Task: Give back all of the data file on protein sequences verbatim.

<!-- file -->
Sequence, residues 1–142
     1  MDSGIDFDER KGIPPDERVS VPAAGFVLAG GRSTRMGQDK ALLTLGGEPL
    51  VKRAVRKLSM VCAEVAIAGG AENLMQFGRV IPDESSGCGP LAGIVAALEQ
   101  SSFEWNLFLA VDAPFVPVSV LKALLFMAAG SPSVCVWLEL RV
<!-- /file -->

Sequence, residues 1–142
     1  MDSGIDFDER KGIPPDERVS VPAAGFVLAG GRSTRMGQDK ALLTLGGEPL
    51  VKRAVRKLSM VCAEVAIAGG AENLMQFGRV IPDESSGCGP LAGIVAALEQ
   101  SSFEWNLFLA VDAPFVPVSV LKALLFMAAG SPSVCVWLEL RV